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Tettelbach W, Arnold J, Aviles A, Barrett C, Bhatia A, Desvigne M, Gould LJ, Speyrer MS, Suski M, Traynor CJ, Vlad L, et al.
Wounds : a compendium of clinical research and practice. Date of publication 2019 Feb 1;volume 31(2 Suppl):S1-S17.
1. Wounds. 2019 Feb;31(2 Suppl):S1-S17. Use of mechanically powered disposable negative pressure wound therapy: recommendations and reimbursement update. Tettelbach W(1), Arnold J(2), Aviles A(3), Barrett C(4), Bhatia A(5), Desvigne M(6), Gould LJ(7), Speyrer MS(8), Suski M(9), Traynor CJ(10), Vlad L(11). Author information: (1)Landmark Hospital, Salt Lake City, UT. (2)Healing Center, Mercy Medical Center, Cedar Rapids, IA. (3)Ascension Providence Park Wound and Hyperbaric Medicine, Novi, MI. (4)Crozer Keystone Centers for Wound Healing, Springfield, PA. (5)Columbus Podiatry and Surgery Inc, Columbus, OH. (6)Valley Wound Care Specialists, Glendale, AZ. (7)South Shore Health Center for Wound Healing, Weymouth, MA. (8)The Wound Treatment Center, LLC at Opelousas General Health System, Opelousas, LA. (9)Los Robles Hospital, Thousand Oaks, CA. (10)St. Mary's Medical Center, San Francisco, CA. (11)Wound Care and Hyperbaric Center, Wake Forest Baptist Health, Winston-Salem, NC. Use of ultra-portable, mechanically powered disposable negative pressure wound therapy (dNPWT) has grown as an adjunctive modality to manage wounds in outpatient care and to expedite transition of inpatients to an outpatient setting. This technology has demonstrated similar efficacy and usability for mobile outpatients when compared with electrically powered negative pressure wound therapy devices. It was designed for patients with smaller, low to moderately exudating wounds and does not require batteries or a power source. However, very few studies address best practices for using dNPWT in a variety of wound types. There is a need for comprehensive clinical recommendations to better direct clinicians and patients in using this therapy. In addition, it is critical that providers are knowledgeable about processes for obtaining reimbursement for placement of dNPWT since codes and procedures differ drastically from standard NPWT. A panel meeting of experts with a high level of experience with dNPWT in varied wound types was convened to develop clinical recommendations and summarize current US reimbursement coding guidelines for the use of dNPWT. This publication summarizes the recommendations from panel members, in addition to supporting evidence, to help guide appropriate use of dNPWT. Panel recommendations regarding optimal patient and wound selection, wound preparation, proper patient training, and use of dNPWT in various wound types are included as well as clinical techniques for dressing application, bridging under offloading devices and compression, maintaining a seal, and protecting intact skin. Processes and codes for obtaining reimbursement for dNPWT are reviewed by care setting. Clinical recommendations and reimbursement guidelines summarized in this publication are meant to provide direction to clinicians in using dNPWT that potentially could translate into improved clinical and economic value. PMID: 30741645 [Indexed for MEDLINE]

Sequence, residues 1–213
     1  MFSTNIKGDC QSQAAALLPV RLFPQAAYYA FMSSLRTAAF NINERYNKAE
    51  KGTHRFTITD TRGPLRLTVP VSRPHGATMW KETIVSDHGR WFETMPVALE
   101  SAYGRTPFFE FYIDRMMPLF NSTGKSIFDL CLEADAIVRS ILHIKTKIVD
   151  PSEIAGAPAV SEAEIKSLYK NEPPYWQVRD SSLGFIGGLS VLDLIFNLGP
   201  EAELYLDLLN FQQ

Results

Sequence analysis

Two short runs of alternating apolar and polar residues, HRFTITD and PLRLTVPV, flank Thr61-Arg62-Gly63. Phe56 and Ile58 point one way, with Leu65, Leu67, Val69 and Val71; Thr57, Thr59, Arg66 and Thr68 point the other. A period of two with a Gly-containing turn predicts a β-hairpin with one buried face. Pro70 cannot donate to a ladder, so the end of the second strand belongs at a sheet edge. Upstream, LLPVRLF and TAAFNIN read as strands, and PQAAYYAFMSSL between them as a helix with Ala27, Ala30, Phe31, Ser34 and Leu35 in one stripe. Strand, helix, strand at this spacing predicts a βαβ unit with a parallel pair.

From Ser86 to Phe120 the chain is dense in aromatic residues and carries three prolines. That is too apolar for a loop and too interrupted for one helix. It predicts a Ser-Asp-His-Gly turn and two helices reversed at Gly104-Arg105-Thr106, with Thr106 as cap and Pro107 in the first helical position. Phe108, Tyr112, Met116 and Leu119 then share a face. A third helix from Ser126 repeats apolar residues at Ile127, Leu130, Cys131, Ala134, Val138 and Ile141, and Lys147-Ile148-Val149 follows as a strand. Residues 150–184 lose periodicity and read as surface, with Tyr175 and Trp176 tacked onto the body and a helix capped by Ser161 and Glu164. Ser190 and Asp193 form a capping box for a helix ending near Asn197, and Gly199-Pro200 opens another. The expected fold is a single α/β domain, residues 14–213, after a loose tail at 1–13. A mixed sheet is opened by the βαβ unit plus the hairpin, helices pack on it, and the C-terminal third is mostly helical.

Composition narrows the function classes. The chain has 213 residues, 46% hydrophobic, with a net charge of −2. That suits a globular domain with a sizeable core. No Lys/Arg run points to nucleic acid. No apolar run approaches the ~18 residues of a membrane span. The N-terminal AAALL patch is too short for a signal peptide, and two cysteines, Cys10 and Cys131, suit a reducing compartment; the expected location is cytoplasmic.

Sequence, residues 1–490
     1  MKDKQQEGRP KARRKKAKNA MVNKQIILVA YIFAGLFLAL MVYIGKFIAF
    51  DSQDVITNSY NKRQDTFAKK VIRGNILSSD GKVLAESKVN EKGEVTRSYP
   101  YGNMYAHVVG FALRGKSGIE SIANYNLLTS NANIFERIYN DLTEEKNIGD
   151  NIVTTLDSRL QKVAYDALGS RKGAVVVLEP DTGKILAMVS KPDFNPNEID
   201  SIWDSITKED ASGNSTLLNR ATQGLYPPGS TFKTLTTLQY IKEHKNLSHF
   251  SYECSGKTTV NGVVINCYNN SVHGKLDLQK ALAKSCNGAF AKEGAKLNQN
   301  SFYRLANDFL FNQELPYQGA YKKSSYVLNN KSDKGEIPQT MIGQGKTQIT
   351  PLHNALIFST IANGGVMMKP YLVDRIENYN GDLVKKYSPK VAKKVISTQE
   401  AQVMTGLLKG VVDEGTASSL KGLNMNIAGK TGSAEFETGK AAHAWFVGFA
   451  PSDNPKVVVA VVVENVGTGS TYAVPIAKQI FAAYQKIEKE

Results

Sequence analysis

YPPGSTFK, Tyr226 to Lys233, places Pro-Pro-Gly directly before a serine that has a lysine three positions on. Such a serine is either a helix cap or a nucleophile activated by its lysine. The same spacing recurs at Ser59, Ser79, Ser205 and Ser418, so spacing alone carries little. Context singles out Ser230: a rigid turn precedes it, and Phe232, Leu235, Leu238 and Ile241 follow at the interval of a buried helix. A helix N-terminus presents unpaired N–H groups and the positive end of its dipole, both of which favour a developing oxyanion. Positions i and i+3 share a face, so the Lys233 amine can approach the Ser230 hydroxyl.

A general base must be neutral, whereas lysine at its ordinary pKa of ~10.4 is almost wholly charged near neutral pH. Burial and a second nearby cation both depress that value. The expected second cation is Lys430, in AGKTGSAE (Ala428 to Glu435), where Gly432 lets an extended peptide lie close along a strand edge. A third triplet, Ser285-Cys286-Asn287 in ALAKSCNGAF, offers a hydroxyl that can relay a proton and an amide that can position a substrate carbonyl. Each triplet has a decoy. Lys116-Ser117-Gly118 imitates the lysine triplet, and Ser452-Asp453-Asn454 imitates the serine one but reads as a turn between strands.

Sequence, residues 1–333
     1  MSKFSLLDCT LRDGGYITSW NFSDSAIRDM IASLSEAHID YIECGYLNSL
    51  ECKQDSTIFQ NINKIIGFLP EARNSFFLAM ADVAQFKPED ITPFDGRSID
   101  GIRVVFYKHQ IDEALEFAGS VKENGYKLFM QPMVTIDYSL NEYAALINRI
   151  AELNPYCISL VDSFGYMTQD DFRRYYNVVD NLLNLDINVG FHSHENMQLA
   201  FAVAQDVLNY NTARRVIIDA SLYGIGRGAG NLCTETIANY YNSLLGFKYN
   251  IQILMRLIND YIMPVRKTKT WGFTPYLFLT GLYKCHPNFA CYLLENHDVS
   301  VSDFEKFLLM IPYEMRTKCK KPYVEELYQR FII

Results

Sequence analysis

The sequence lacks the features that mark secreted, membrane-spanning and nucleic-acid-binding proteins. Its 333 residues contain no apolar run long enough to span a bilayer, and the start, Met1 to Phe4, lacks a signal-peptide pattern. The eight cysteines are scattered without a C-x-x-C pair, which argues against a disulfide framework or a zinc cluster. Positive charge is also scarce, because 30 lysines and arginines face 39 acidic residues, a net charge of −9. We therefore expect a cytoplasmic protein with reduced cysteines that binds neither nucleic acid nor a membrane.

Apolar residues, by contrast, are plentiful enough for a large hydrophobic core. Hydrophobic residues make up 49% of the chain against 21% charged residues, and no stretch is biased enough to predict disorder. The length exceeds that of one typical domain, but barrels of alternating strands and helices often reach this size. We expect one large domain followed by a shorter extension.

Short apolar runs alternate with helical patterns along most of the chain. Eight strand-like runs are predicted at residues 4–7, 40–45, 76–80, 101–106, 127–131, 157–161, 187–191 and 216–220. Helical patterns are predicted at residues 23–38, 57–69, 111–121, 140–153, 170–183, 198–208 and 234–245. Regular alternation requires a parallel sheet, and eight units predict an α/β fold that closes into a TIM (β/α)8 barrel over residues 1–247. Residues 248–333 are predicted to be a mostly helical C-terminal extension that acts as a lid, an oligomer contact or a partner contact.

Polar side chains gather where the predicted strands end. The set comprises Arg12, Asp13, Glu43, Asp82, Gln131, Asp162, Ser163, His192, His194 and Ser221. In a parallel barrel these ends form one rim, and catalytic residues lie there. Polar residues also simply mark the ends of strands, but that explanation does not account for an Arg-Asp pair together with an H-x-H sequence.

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Negative Pressure Wound Therapy